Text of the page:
Filler Lance Phoenix

By Tom Danehy

WHEN THE SALPOINTE Lancers take the court at America West Arena at 5 p.m. Thursday, February 22, in semi-final action in the Class 5A state basketball tournament, it will be a first in many ways for the school and most of the players.

Danehy In the nearly 50 years of Lancer basketball, it's the first time Salpointe's ever made it this far in the state championship tournament. As a matter of fact, it's the first time in nearly a decade that any Tucson team has made it this far. Local Class 4A schools have done quite well in recent years, but the 5A dance has been Phoenix-only throughout the '90s.

Some of the Salpointe players have never even been in the Arena, seeing as how the Phoenix Suns sell out every home game and it's not really all that much fun to make the two-hour drive to watch a bunch of Phoenix teams play in the state tournament.

When they take the court, it will mark an ascension to national power status that was virtually unheard of just three short years ago. That's when longtime Salpointe coach Tim Flannery announced his retirement and Lancer Athletic Director Carl Brunenkant and Principal Father Leo McCarthy took a chance on Brian Peabody.

Brian had great credentials coming in. His first-ever year of coaching at the varsity level, he won the Class 1A state title at Green Fields Country Day School. The next year, with virtually a whole new squad, he made it back to the state championship game, where the Griffins lost to Clifton.

He then switched over to St. Gregory, a school which had never even made the state playoffs in nearly 20 years of existence. He took a team with only one senior on it, went 26-3 and reached the state Final Four before losing to eventual state champion Northwest Community Christian by three points.

He then moved over to Salpointe, where his arrival was greeted with everything from skepticism to derision from parents and students alike. His first year, he endured a steady stream of boos and catcalls from a very vocal group which attended home and away games. That first team didn't make the state playoffs, a first and only for Peabody.

But then last year, the Lancers won the 5A South regular-season championship and division tournament crown, the first time in Salpointe history that a team had won both in the same year (they repeated that feat this year). They reached the state quarter-finals where they lost to eventual state champion Mesa Mountain View.

Most of the boobirds were gone by the start of this season, and when the Lancers rattled off 16 straight to start the year (including a rousing win over nationally-ranked Shadow Mountain), those who were left over went into permanent hibernation.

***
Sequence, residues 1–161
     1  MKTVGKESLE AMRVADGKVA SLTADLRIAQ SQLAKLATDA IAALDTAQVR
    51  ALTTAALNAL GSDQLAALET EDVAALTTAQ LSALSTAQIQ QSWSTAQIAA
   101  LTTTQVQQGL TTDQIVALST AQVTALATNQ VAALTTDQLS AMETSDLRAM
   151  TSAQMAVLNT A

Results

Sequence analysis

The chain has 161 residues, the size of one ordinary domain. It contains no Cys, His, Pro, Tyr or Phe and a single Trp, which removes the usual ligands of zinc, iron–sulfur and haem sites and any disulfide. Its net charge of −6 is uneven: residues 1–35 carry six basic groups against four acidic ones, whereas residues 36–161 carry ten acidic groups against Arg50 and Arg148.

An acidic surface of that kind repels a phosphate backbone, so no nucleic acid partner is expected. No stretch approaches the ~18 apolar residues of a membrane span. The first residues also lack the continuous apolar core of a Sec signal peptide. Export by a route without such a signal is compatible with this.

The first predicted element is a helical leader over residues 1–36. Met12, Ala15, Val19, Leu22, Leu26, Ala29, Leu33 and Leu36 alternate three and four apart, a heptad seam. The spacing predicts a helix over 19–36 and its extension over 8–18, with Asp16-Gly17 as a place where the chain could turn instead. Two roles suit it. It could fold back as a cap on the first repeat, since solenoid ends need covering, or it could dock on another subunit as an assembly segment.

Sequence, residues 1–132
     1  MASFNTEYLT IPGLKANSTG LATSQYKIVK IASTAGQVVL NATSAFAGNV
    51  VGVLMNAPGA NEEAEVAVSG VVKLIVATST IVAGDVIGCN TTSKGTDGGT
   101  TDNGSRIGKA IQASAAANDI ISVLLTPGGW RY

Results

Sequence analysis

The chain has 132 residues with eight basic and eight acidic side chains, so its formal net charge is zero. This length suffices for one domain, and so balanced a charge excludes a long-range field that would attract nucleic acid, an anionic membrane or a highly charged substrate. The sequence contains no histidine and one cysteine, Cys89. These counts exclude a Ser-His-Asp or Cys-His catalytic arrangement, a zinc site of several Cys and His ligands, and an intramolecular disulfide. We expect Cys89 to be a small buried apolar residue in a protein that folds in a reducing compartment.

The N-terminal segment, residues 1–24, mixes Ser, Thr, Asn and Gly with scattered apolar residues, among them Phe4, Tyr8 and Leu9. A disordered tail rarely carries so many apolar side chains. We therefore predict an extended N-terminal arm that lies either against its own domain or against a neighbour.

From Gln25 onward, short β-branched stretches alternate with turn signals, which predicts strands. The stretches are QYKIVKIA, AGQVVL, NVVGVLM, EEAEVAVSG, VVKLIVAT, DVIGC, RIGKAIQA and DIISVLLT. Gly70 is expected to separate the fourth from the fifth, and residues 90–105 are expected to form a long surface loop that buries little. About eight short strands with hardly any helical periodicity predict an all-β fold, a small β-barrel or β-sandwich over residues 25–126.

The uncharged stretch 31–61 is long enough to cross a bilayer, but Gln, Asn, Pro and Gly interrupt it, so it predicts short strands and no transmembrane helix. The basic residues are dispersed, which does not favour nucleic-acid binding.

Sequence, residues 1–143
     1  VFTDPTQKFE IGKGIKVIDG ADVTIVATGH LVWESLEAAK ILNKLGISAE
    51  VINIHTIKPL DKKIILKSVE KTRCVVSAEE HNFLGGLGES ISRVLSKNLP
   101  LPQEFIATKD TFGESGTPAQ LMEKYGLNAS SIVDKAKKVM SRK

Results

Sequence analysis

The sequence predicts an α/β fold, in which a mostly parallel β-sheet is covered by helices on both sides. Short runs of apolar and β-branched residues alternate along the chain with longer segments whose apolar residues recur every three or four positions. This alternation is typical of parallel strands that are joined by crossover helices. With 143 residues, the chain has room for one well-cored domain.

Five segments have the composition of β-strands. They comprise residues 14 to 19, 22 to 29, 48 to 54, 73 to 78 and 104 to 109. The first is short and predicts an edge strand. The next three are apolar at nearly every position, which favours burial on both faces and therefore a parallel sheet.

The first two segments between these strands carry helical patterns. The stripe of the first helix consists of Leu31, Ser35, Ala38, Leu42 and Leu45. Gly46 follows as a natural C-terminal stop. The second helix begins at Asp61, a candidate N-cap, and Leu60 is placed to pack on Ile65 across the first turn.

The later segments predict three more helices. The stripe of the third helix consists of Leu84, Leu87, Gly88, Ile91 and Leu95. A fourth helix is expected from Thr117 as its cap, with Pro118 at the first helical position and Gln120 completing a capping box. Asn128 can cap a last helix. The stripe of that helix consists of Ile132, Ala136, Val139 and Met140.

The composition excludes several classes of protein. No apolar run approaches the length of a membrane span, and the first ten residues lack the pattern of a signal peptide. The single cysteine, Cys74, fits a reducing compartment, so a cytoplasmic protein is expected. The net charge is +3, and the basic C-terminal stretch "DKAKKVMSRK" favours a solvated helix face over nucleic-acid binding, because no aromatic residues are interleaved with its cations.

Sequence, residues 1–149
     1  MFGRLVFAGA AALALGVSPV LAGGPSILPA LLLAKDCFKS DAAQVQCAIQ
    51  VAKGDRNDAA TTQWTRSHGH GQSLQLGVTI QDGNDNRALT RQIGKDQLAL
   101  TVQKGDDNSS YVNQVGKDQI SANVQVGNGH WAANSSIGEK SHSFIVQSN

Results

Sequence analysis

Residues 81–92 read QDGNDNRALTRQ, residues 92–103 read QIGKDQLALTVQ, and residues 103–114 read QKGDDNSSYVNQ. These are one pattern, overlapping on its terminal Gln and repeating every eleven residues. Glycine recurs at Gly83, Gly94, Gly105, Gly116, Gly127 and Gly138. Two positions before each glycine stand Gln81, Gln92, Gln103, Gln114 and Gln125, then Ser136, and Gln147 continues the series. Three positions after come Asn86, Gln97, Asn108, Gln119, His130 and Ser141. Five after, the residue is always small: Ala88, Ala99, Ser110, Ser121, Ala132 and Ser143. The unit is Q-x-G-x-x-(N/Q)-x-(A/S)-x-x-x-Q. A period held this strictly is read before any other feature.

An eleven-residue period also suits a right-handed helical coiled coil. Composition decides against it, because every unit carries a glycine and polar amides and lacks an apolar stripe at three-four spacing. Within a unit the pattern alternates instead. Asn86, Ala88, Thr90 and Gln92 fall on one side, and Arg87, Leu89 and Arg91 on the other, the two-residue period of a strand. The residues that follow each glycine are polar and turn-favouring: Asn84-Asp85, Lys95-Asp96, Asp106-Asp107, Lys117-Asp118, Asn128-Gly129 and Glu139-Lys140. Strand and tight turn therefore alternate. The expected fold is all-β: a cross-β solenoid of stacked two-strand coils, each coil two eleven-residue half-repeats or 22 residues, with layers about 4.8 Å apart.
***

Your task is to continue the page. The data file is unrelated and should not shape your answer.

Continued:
Salpointe is now 29-1 (its lone loss was at Canyon Del Oro) and guaranteed its best season ever. But they have two games to win if they're going to meet their season goal of winning the school's first-ever basketball crown.

Thursday's opponent, Corona Del Sol, features last year's state Co-Player of the Year, Lamont Long, a 6-foot-3 guard who is every bit as good as the more-heralded Mike Bibby of Shadow Mountain. Should Salpointe win Thursday, they most likely will have a rematch with Shadow Mountain on Saturday night. Salpointe is the only Arizona team to beat Shadow Mountain this year.

One person on the Salpointe squad who has experienced America West is starting center Brian Smith. The 6-foot-7 senior was a starter as a freshman on Peabody's St. Gregory team. After Peabody left for Salpointe, Smith played one more year at St. Gregory before transferring to Salpointe. He made All-State last year and is a sure bet to be first team All-State this year.

Smith is a somewhat atypical prep jock in that he carries a 4.3 grade-point average (on a 4.0 scale, weighted for advanced honors classes). Soft-spoken and slyly funny, Smith is described by Peabody as "the absolute hardest-working kid I've ever coached. Ever."

On many occasions, I myself witnessed that work ethic in action. Summer days are brutal at Salpointe, where the air conditioning doesn't work all that well, and it often isn't even turned on so the players can get in a good workout. Smith's days would start at around 7:15 a.m. with weight-lifting. Then from 9 a.m. until 3 p.m. he'd attend Peabody's summer basketball camps, where he would work his butt off. The rest of the afternoon he'd spend at shooting drills, then he'd play in one or two leagues a night.

When the leagues ended around 10 at night, Peabody and I would be sitting around playing dominoes because Smith had asked the coach if he could shoot for another hour or so in the gym.

What coach is going to tell a kid like that no?

Anyway, all that hard work paid off in a big way for Smith, and it couldn't have happened to a nicer kid. Brian's got the world on a string. His grades are tops, he's All-State in basketball, he's already signed a college scholarship at the University of San Diego and he's got a great girlfriend named Paty Badiuk (pronounced, and stay with me here, Pah-tee Buh-dook).

Paty is a softly pretty blonde sophomore from Mexico who's on the varsity volleyball team. Oddly enough, her twin sister, Elena, is the girlfriend of 6-foot-10 Brian Stewart, who should be the star center of next year's Lancer team.

I promised Smith I would tell the story about him and the girl from Buena, a classic tale of love at first sight in which he somehow managed to overturn a table, destroy St. Gregory's entire scoreboard system and end up lying on his back, looking up the girl's shorts, but there just isn't enough room here.

Perhaps another time.

Let's all root for Salpointe tonight. Even if you don't like the Catholic school (or Catholics, for that matter). Just look at it as another chance to thumb our noses at Phoenix. Always a worthwhile venture. TW

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